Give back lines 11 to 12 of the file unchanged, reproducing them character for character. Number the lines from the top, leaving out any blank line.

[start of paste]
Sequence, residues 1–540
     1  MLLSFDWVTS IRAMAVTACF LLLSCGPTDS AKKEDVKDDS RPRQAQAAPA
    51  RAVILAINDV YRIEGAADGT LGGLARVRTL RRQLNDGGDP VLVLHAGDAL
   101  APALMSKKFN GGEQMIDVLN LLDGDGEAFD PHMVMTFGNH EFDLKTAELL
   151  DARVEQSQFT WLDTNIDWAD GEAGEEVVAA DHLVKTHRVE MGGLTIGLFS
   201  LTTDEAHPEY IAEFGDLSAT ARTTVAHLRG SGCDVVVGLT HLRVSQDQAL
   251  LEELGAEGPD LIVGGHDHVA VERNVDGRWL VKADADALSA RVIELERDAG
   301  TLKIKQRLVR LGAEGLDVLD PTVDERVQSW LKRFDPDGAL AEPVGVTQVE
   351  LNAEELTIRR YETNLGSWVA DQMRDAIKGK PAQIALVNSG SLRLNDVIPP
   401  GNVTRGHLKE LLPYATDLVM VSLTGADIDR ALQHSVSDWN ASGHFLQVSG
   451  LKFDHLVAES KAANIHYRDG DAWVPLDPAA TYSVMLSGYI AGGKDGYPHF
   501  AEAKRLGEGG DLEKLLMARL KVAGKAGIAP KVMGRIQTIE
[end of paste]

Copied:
   451  LKFDHLVAES KAANIHYRDG DAWVPLDPAA TYSVMLSGYI AGGKDGYPHF
   501  AEAKRLGEGG DLEKLLMARL KVAGKAGIAP KVMGRIQTIE